At past galas, Cole has seemed impassioned and upbeat, his typical pun-laden jokes always part of his speeches. On Wednesday night, he also was tasked with paying tribute to amfAR founder Dr. Mathilde Krim, who passed away in January at the age of 91. Perhaps it was discussing his love for the woman who had mentored him in the organization, or the attendant nervousness over making his resignation announcement, or a combination of both, but Cole simply looked tired.
Taraji P. Henson should host every fundraiser: It’s questionable which is more bubbly, the Empire and Hidden Figures actress or a bottle of Perrier-Jouet, which Henson kept close at hand during her duties as the evening’s host. “Oh, you look good — I’m sorry, I caught [a look at] myself,” she said at one point (indeed, she glistened in gold body glitter and a sequined gown by London-based David Koma). Henson ultimately excelled at mixing humor with an unabashed plea for dollars, always a winning combination at these events. “I want you to dig deep. Dig down to your socks, honey, and be as generous as you can this evening,” she said. “Let’s save some lives. Throw caution to the wind, get drunk, bid recklessly — like I shop. That’s why we have credit cards, right? Or sugar daddies or mamas.”
Poignant words from Lee Daniels and Stefano Tonchi: As the evening’s two honorees, the respective director and the W magazine editor-in-chief each shared uniquely personal stories of their experiences as young gay men.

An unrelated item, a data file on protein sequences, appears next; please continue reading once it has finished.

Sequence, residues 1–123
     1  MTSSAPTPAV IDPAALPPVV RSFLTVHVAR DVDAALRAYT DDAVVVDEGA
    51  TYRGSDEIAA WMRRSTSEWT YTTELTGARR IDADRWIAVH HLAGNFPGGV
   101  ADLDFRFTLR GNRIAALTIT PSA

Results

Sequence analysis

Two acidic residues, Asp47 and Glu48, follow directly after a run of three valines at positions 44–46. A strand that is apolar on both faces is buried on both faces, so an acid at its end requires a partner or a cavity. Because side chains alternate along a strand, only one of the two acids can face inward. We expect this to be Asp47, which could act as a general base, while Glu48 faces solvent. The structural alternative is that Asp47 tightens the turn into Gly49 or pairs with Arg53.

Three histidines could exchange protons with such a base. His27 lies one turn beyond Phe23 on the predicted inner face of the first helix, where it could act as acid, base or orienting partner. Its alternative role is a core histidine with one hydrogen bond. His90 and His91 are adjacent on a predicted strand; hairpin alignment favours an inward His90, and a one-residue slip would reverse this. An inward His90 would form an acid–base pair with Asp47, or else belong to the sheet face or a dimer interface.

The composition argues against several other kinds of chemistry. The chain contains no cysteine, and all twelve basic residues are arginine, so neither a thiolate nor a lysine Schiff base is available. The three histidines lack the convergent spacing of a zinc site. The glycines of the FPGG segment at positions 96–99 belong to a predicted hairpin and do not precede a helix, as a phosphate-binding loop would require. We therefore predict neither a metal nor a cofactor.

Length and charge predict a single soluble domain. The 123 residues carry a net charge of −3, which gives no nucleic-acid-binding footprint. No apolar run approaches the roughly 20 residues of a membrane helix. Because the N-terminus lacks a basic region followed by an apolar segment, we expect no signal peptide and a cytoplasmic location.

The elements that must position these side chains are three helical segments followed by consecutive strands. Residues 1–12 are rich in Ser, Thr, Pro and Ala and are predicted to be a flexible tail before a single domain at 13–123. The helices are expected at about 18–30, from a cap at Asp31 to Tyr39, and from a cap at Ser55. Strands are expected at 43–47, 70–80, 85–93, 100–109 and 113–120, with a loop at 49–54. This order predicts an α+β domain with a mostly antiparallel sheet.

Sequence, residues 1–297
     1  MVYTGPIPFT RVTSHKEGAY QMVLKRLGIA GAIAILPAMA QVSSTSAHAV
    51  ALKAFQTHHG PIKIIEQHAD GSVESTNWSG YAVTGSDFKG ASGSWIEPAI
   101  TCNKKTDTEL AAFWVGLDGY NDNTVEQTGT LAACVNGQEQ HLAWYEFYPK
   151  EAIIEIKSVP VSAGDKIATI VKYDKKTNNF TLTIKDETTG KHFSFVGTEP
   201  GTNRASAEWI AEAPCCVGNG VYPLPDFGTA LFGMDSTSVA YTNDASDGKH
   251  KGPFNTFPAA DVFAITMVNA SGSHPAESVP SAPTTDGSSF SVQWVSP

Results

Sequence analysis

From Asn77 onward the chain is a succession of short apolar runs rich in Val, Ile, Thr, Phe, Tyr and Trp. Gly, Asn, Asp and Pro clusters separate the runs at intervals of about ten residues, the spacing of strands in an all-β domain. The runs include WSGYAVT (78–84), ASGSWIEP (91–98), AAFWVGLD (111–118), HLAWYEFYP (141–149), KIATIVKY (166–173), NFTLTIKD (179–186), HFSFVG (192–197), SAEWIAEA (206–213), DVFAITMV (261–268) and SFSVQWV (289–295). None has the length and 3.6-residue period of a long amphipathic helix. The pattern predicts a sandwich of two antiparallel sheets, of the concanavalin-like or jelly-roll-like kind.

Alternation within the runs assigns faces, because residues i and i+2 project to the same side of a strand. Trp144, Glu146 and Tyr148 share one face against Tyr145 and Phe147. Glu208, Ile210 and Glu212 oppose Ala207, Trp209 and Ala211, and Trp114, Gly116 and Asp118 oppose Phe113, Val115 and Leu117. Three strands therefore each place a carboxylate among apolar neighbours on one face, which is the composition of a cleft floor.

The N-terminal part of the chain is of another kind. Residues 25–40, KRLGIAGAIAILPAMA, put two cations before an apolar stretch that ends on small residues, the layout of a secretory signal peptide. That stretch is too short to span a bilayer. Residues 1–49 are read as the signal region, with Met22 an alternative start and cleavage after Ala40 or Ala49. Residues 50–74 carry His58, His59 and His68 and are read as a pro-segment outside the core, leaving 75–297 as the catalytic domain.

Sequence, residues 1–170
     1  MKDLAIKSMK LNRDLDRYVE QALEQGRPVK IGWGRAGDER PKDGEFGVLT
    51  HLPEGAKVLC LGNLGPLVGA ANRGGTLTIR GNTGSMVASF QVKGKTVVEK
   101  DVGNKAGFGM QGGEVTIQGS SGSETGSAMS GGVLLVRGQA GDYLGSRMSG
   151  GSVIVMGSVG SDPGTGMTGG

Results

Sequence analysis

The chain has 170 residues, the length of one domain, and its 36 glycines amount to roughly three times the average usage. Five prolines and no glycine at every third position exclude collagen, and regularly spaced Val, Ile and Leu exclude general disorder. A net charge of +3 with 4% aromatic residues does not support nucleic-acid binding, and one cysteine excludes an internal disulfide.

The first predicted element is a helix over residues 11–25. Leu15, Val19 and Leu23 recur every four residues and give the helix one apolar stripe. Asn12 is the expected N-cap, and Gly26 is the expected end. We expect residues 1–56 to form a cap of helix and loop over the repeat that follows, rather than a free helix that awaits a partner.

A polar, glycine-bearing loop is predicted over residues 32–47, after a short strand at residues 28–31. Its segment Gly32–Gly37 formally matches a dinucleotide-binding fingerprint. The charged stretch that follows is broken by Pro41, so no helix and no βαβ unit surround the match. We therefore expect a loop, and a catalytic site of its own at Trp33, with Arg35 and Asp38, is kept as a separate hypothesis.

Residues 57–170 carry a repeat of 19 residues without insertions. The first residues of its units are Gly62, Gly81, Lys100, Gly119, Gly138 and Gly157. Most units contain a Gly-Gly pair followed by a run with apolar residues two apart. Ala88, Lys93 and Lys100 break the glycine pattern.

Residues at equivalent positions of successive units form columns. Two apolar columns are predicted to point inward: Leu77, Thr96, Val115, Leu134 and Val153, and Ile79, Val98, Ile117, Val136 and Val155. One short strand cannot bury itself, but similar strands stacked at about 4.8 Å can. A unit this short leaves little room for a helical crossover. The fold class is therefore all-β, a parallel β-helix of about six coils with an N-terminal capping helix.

Queen Latifah introduced Daniels, who recalled the period in his life after coming out. “In 1981, I was happy; I was 22, and I finally mustered the courage to tell my family I was gay,” he said. “The party was on, and I had sex with anything with a heartbeat. Partying and clubbing into the wee hours of the morning right here in New York City — and then the pause button happened, and there were murmurs of this gay cancer … I don’t think the kids today really know what happened and what it was like.” Daniels added that he hoped greater awareness would lead to future generations getting involved at the legislative level: “That generation could be our voice in Congress today, because let’s face it, we’ve never really had a voice in Congress, and especially now, we don’t have a voice at all.”